The popper was a little too spicy for me {yes, I am a hot-food wimp}, but everyone else devoured their appetizers in about 5 seconds.

second course: perfect for a fall evening, the soup was a corn chowder paired with Brussels sprout confit, roasted pearl onions, and tarragon oil garnished with jalapeno crème fraiche.


Usually I hate Brussels sprouts, but I loved this soup. It was really good with the tarragon and hint of jalapeno. The general consensus was that the Brussels sprouts really enhanced the soup’s flavor.

third course: a crisp addition to our October menu, the salad consisted of Missouri green and red apples, fennel, Baetje Farms Goat Milk cheese, and Missouri black walnuts paired with a coriander cilantro dressing.


My favorite of the 5 courses by far. I loved the dressing featuring my favorite herb, cilantro, and the crispness of the apples. Or maybe I’m just a little biased because I did shell all of those walnuts.

fourth course: combining the best of savory and sweet, the entrée featured pork jowl braised in cilantro honey puree, poached and roasted leeks served with caramel and chimichurri sauce.


Pork jowl is a pretty fatty cut, which is a bit of a surprise, if you’re not used to it. But, hey, fat makes everything taste delicious, and the meat was really tender.

By now, most of the guests were wishing they had worn their elastic-waist sweatpants. Pressing on to the dessert course…


fifth course: Gooey Butter Cake is a St. Louis tradition, so it would only be fair of us to include this delectable dessert as part of our menu. Pairing the cake with a reduction made from Missouri-produced apple cider provided yet another tie into the local food movement.


The cake didn’t really taste like any Gooey Butter Cake I’ve ever had. It wasn’t a bad taste, but it wasn’t what I was expecting. Fortunately, the guests enjoyed the cake by the looks of their empty plates.


In all, it was a great day of enjoying the entire process that goes into making a gourmet meal. From shopping for produce at the farmers’ market to cooking and eating with friends….I can’t think of a better way to enjoy food.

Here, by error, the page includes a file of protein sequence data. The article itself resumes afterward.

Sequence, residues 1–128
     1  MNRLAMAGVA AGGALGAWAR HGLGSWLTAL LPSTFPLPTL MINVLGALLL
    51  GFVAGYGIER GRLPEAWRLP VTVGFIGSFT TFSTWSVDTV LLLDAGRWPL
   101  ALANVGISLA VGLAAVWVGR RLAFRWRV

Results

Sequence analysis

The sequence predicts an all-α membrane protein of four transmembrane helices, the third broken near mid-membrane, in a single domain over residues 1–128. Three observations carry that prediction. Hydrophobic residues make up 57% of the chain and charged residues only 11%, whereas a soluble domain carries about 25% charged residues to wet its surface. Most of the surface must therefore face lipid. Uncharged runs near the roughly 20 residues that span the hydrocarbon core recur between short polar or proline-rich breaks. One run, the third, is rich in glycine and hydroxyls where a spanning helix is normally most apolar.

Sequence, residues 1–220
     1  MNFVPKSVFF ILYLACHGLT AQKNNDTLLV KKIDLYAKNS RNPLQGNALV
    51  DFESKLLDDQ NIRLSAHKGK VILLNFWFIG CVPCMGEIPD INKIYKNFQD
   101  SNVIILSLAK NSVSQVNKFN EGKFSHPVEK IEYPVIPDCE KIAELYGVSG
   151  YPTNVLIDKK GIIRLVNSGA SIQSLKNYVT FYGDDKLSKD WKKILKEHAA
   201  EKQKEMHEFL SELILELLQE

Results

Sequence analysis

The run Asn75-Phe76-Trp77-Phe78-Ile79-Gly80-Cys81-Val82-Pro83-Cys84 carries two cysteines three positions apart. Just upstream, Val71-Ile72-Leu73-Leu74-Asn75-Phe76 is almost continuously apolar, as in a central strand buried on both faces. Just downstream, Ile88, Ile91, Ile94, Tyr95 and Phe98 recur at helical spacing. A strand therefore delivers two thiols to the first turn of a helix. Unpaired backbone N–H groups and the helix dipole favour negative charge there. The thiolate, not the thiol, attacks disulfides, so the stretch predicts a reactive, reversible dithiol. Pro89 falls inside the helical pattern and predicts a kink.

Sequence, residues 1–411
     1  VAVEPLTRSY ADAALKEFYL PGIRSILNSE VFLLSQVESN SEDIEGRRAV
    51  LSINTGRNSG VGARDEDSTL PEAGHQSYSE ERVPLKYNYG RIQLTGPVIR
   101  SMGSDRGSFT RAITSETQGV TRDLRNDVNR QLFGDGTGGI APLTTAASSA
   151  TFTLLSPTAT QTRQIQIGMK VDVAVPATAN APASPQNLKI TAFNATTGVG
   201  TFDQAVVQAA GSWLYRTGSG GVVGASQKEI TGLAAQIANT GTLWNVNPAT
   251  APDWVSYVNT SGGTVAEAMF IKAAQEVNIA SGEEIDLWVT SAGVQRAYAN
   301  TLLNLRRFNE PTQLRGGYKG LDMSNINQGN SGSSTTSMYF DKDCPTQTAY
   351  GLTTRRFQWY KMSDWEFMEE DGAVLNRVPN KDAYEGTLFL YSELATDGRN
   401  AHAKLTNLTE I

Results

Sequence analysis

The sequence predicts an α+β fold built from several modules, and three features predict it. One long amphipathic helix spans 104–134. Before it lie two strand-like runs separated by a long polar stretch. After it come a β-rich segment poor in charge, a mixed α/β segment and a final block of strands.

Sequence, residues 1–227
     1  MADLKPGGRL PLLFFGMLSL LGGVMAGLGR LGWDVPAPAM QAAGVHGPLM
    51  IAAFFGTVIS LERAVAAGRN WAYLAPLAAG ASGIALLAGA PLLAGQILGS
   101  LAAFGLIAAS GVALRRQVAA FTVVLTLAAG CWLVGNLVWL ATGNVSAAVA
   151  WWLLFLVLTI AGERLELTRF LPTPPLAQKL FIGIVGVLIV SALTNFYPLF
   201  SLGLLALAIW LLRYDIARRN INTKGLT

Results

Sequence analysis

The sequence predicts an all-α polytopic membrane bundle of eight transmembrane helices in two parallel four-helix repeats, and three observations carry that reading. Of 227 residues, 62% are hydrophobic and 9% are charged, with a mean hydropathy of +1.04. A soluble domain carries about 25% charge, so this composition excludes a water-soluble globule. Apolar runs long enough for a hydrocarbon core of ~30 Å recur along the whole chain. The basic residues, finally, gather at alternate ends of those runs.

A million thanks to Foodbuzz, Dan, Christy, and all of the guests for making this fabulous night possible….

And here’s hoping you enjoyed this post and that maybe, just maybe…you’ll be inspired to create a local food-centered menu of your own.


Friday, 23 October 2009

controversy & a bacteria lesson prt 1

My days are completely mixed up after being in Denver for a weekend +. I kept thinking today was Wednesday, and it’s already Friday tomorrow. Yikes. I miss the Denver sunshine; it’s been pretty gloomy here in St. Louis. 
So, do I endorse all of the companies who sponsored FNCE? Well, honestly, no. I know that these companies provide a lot of funding for great causes, but I don’t necessarily advocate their products. I’m all for innovation: I think that product development is a fantastic frontier. But at the same time, I’m just a little wary of highly processed products with a lot of additives and artificial sugars. This is pretty controversial right now amongst members of the ADA. What are your thoughts about sponsorship?
tony the tiger 
One of the best sessions I attended at FNCE was on probiotics and prebiotics. This is a hot topic: globally, the retail sales of products containing probiotics or prebiotics = $15.4 billion!
::basic definitions::
probiotics: live microorganisms that have the potential to confer a health benefit on the host
prebiotics: food for beneficial bacteria; selectively stimulate the growth of one or a limited number of bacterial species in the colon; examples: agave, inulin, FOS, chicory root
control final
[intestinal cells from one of my lab experiments at Ohio State]
  • both good and potentially harmful bacteria live in the gut [called gut microflora]
  • the gut microflora break down vitamins and ferment fibers and carbohydrates that are not digested in the upper GI tract, which supports a healthy intestinal barrier, inhibits the growth of harmful bacteria, and contributes to regularity.
  • probiotics increase the number of good bacteria and inhibit the growth of harmful bacteria  in the intestine.  They may help the immune system and assist in maintaining barrier function.
  • prebiotics promote the growth of good bacteria in the intestinal tract and may enhance the effect of probiotic bacteria; may also increase the absorption of certain minerals (such as calcium and magnesium) and may help reduce risk factors related to colorectal diseases.
*as referenced by the International Food Information Council
Are you tongue tied yet? Stay tuned for a bacteria lesson part 2, where I’ll talk about specific products and what you should be looking for when purchasing and using them.
Also, I’m getting ready for a pretty big post after a certain Foodbuzz sponsored event this Saturday, so stay tuned.
Happy Friday!

Friday, 9 October 2009

bridging the gap between alternative and allopathic nutrition

As promised, an interview with Kimberly Snyder, a nutritionist who has learned much about alternative and holistic nutrition by traveling the world {something I would love to do}. In addition to maintaining her blog, Kim also runs a beauty company [Envision Beauty] dedicated to supporting charitable projects in developing countries worldwide and avidly practices yoga.

We recently did a post exchange {read to find out more about my views of holistic nutrition} to increase mutual understanding and respect between *nutritionists and registered dietitians and those more familiar with allopathic (Western) medicine.